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USDA Certified in Organic Beef on a Family Owned Ranch

Becoming a certified organic farmer is an expensive and time-intensive process, and, accordingly, a significant decision for any small farmer. The problem is to understand the process by which a family owned ranch could become USDA certified for organic beef. What are the necessary steps and important factors to consider from beginning the process to marketing to retailers?

Understanding USDA Organic

The government-managed organic food certification program is USDA Organic. Within this certification system, organic food production follows guidelines laid out in the Organic Foods Production-Act of 1990 and amended according to Public Law 109-97, Nov. 10, 2005. These regulations take into consideration site-specific conditions "integrating cultural, biological, and mechanical practices that foster cycling of resources, promote ecological balance, and conserve biodiversity." (USDA Agricultural Marketing Service, 2011) Included in OFPA are rules for farm planning, livestock handling, use of pesticides and synthetic substances and processing. Beef has been included in the National Organic Program (NOP) since 2002. (U.S. Department of Agriculture) The certification program is only available to producers and handlers that sell more than $5,000 per year in organic products. Producers and handlers that deal in smaller quantities may use the USDA logo without certification so long as they adhere to USDA Organic guidelines. (USDA Agricultural Marketing Service, 2008)

NOP standards are intentionally defined somewhat loosely, leaving points of specificity to the state agencies and administrators that monitor certification. In the case of livestock, NOP indicates that products must be produced primarily without synthetic chemicals (there are some exceptions) and livestock must be handled in accordance with a plan agreed to by the livestock farmer, handler, and the state or local administrator or certifying agency, overseen by NOP and the National Organic Standards Board. Further, livestock must be fed organically produced feed, and not be fed plastic pellets, manure, formula containing urea, or growth hormones. Livestock may not be given antibiotics or other medication (excluding vaccinations) except in the case of sickness, nor may they be given synthetic internal parasiticides. Ongoing processes to maintain organic certification include the maintenance of a verifiable audit trail for each animal on the farm, annual inspections, toxic residue tests of land and feed, and provisions for public access to the results of these inspections and test. (U.S. Department of Agriculture) The USDA maintains a list of substances that are approved and prohibited within organic production guidelines. This database of 111 substances and the degree to which they are allowed in organic farming is available from the National Organic Program website. (U.S. National Organic Stanrdards Board, 2010)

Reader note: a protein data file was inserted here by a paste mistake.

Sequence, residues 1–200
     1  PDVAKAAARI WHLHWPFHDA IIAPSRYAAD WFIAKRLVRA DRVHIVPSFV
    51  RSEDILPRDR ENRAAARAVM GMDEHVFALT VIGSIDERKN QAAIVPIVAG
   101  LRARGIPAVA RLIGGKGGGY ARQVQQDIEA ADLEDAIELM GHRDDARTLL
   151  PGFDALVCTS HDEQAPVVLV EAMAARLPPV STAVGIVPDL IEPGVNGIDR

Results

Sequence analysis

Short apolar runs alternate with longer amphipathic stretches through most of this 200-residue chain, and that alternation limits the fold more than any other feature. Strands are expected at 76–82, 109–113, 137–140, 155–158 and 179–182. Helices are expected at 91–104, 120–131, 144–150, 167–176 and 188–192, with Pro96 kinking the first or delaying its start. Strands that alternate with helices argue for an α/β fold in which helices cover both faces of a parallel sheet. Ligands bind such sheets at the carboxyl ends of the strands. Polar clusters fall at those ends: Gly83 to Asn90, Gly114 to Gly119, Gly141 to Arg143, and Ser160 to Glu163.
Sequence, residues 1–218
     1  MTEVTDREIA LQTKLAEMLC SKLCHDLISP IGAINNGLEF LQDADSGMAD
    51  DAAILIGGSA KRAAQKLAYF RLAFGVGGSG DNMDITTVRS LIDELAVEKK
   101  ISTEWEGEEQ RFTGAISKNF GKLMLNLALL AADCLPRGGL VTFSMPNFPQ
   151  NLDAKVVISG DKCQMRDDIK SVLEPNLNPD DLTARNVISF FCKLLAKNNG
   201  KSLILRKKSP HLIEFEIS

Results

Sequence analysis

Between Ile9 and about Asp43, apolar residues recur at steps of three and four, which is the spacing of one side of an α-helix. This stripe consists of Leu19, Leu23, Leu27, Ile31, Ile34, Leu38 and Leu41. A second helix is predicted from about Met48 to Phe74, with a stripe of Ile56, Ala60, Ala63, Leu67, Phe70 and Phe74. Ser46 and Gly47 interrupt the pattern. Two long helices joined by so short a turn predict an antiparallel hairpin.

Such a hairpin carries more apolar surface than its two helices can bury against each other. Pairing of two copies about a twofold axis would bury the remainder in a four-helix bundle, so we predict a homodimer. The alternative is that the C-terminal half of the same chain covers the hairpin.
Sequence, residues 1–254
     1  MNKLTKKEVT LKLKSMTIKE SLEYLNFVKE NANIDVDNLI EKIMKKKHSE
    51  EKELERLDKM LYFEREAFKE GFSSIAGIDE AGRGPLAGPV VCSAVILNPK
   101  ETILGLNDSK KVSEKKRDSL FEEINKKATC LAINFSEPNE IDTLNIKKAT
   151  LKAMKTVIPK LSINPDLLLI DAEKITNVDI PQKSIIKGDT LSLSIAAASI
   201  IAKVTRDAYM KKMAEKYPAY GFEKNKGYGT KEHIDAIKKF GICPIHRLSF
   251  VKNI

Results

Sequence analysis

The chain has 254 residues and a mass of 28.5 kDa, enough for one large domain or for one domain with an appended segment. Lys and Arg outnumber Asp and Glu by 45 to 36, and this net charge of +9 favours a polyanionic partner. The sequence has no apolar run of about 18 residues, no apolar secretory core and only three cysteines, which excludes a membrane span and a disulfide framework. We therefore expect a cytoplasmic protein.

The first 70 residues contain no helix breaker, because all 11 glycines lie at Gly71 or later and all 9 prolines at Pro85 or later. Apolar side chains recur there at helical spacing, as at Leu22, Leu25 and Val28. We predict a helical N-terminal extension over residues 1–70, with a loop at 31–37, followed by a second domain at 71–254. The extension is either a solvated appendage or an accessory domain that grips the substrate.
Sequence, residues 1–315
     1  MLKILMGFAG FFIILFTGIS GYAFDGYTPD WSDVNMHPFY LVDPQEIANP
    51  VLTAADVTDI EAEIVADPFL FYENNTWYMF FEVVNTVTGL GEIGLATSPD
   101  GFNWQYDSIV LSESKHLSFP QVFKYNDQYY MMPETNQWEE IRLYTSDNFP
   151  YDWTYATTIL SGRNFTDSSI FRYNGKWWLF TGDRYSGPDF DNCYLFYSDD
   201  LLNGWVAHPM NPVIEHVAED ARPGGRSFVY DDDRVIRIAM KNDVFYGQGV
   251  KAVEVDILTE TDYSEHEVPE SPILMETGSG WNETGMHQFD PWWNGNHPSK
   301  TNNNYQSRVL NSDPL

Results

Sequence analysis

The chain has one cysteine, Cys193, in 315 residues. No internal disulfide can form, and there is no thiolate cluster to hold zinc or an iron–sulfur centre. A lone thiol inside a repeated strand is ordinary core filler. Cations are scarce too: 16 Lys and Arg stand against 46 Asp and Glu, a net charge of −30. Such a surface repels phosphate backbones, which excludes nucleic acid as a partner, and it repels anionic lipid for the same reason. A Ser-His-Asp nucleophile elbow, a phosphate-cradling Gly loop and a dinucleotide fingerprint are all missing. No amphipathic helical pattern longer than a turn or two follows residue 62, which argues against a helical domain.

Handling practices are similarly regulated by the OFPA. It is therefore key for a farmer of organically raised beef cattle to partner with handlers and processors (as is relevant) that also adhere to OFPA standards in order for their meat products to make it to retailers carrying the USDA Organic label. Handlers may not, during processing, add synthetic ingredients or ingredients containing nitrates, heavy metals, toxic residues, sulfites, or any other ingredients not organically produced, nor may they use packaging containing synthetic fungicides, preservatives, or any container whose organic quality may have been compromised by being in contact with such substances, or in contact with water that does not meet requirements set forth by the Safe Drinking Water Act. Similarly, organically raised meat may not come in contact during processing with meat that is not organically raised. Organic accreditation is valid for five years. (U.S. Department of Agriculture)

The Application Process

The two most significant pieces of information necessary for a producer to provide for certification are a 3-year history of all substances applied to the farmland seeking certification and an Organic System Plan (OSP) describing in detail the organic practices that are to be undertaken and the means for avoiding contact with nonorganic products. (USDA Agricultural Marketing Service, 2008) Two national sources of funding are available to help defray the cost of the certification program, National Organic Certification Cost Share Program (NOCCSP) and the Agricultural Management Assistance (AMA) Program. Through these programs, producers and handlers may be reimbursed up to 75% of their annual cost of certification, up to $750 annually. (USDA Agricultural Marketing Service National Organic Program, 2010) Sustainable Agriculture Research & Education also offers comprehensive listings for state and local grants available to farmers and producers according to geographic region. (Sustainable Agriculture Research & Education, 2010)

Transition to Organic